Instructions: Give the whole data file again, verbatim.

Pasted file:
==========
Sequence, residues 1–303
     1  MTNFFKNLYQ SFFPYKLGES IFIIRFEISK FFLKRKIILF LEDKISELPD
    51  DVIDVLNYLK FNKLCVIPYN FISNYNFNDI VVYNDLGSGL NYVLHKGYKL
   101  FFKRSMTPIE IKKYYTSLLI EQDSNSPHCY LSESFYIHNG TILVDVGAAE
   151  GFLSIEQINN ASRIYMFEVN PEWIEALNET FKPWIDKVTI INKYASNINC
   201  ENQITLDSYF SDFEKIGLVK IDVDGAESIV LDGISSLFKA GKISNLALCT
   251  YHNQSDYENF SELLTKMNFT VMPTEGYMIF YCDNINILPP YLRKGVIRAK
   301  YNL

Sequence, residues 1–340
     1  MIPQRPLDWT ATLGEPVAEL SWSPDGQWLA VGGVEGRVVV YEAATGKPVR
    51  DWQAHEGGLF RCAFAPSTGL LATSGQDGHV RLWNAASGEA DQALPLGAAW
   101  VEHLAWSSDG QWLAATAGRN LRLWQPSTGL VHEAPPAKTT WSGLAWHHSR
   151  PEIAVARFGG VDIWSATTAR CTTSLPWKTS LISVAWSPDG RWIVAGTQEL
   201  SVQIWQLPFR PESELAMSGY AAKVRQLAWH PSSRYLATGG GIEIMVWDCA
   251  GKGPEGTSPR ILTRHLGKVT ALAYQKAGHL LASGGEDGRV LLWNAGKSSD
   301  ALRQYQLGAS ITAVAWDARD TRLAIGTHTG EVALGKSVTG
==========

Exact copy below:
Sequence, residues 1–303
     1  MTNFFKNLYQ SFFPYKLGES IFIIRFEISK FFLKRKIILF LEDKISELPD
    51  DVIDVLNYLK FNKLCVIPYN FISNYNFNDI VVYNDLGSGL NYVLHKGYKL
   101  FFKRSMTPIE IKKYYTSLLI EQDSNSPHCY LSESFYIHNG TILVDVGAAE
   151  GFLSIEQINN ASRIYMFEVN PEWIEALNET FKPWIDKVTI INKYASNINC
   201  ENQITLDSYF SDFEKIGLVK IDVDGAESIV LDGISSLFKA GKISNLALCT
   251  YHNQSDYENF SELLTKMNFT VMPTEGYMIF YCDNINILPP YLRKGVIRAK
   301  YNL

Sequence, residues 1–340
     1  MIPQRPLDWT ATLGEPVAEL SWSPDGQWLA VGGVEGRVVV YEAATGKPVR
    51  DWQAHEGGLF RCAFAPSTGL LATSGQDGHV RLWNAASGEA DQALPLGAAW
   101  VEHLAWSSDG QWLAATAGRN LRLWQPSTGL VHEAPPAKTT WSGLAWHHSR
   151  PEIAVARFGG VDIWSATTAR CTTSLPWKTS LISVAWSPDG RWIVAGTQEL
   201  SVQIWQLPFR PESELAMSGY AAKVRQLAWH PSSRYLATGG GIEIMVWDCA
   251  GKGPEGTSPR ILTRHLGKVT ALAYQKAGHL LASGGEDGRV LLWNAGKSSD
   301  ALRQYQLGAS ITAVAWDARD TRLAIGTHTG EVALGKSVTG